5. There are very real and painful trauma bonds that you are breaking. You're working through those strong attachments to the relationship, and I think it's normal to feel guilt and a sense of unease. To validate your choice, though, you wouldn't have that sense of urgency to go back and fix it all if you had left a non-abusive person. The guilt is coming from the sense of threat you felt in leaving, and this fear that if you don't fix it, something bad is going to happen. All that is telling me that you did what was best for you in leaving him, and the more time you have away from him, the less that guilt and need to fix it will grate on you. Don't give up! You made a healthy decision for you.
  6. <------------- Is what I think of his entitled attitude towards sex. How dare he? You are not a slot machine. You are a compassionate human being who deserves to be treated with respect. You are deserving of someone who can take you out to a delicious restaurant on Valentine's day because you are loved. Period. How dare he use the holiday as a way to get what he feels he is "owed." Gross. He is gross. (I'm sorry, this particular topic makes me angry because I was treated this way for so long.) In his head, every "nice" thing he does for you comes with a price. There is no "nice". "Nice" is the mask he puts on when he feels like he needs something from you, and it immediately slips off the moment he does or doesn't get what he wants. It is the cruelest form of punishment to another human being, I believe, to see them as pawns or objects through which their own needs are met. It's demeaning and disgusting. You owe him nothing, Hoping. Respect, trust, affection, love--they are earned. What genuine thing has he done to earn any of that from you? To answer your question: no. This is not the way normal men treat their spouses. They do not ask for sex on demand. They do not treat their spouses like objects. No, he is abusive, and that is how abusers roll.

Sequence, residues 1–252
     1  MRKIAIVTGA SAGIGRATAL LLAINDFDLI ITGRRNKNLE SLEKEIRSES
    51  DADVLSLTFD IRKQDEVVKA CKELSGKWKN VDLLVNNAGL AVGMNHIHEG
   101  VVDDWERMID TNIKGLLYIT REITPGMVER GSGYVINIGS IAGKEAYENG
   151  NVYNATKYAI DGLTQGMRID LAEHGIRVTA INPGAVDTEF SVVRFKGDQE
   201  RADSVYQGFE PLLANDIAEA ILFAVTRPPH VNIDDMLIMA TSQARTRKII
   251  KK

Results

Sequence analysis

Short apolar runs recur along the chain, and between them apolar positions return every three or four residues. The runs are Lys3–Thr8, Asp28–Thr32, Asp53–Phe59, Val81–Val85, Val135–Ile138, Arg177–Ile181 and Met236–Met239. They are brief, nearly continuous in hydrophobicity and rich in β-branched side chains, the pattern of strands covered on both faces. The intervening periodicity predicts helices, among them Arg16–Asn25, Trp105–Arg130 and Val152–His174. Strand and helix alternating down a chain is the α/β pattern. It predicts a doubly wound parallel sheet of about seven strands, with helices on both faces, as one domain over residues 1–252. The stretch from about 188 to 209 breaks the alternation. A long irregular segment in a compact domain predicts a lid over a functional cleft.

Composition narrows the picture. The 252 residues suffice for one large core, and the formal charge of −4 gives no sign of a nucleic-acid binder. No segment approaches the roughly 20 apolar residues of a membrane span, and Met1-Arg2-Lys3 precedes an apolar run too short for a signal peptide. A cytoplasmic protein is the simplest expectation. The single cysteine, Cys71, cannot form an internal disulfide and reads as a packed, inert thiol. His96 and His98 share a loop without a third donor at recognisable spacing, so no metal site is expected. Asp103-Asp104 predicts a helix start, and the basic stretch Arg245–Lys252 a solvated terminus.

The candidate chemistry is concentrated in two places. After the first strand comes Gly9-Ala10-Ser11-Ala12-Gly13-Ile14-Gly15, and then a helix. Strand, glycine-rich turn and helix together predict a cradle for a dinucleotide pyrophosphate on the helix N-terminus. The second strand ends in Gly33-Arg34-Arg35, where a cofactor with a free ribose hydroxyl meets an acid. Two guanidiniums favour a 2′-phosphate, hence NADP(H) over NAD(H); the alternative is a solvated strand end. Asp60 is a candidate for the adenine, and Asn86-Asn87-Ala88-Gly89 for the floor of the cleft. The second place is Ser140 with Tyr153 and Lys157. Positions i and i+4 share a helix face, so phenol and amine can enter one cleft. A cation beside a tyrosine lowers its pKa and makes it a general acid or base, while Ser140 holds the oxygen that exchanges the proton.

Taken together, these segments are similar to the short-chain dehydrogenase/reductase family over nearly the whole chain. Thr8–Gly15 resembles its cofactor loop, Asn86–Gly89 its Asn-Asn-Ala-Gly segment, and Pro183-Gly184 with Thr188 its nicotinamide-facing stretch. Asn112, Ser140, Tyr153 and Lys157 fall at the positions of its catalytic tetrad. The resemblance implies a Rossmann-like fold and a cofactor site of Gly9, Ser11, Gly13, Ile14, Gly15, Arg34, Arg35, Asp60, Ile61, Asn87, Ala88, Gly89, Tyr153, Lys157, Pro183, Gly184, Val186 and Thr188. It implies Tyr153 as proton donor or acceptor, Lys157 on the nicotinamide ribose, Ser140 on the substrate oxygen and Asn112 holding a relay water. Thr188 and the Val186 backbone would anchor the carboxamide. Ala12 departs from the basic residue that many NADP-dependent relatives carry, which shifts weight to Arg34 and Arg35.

7. I definitely agree with what the other members have said so far. If you're being placed in the position of having to take care of her emotional/mental/physical needs without your needs being met . . . whether you love her or not, that's not fair to you. I sense that this is making you feel caged in, depressed, and drained. Those feelings are normal within an oppressive relationship, and to me a red flag that this just isn't working for you because it's not healthy for your wellbeing. She might be relying on you to help her through her mental issues, and maybe you feel like you should stay with her because you're worried that if you don't, she won't get better or she'll digress backwards. If that's the case, she's placing more dependency on you than is rightful in a relationship. If she can't be in a relationship without clinging or becoming dependent on the other person for her mental wellbeing, then she's probably not in a good place to have a relationship. She needs time to work through her own issues first. It's not fair of her to place so much weight on you to take care of her, without giving anything back to you. So my advice would be, let her work on herself, and step away from the relationship that is hurting you. It's perfectly okay to look out for you, and in the end, she might be glad that she had that time to figure out how to heal on her own.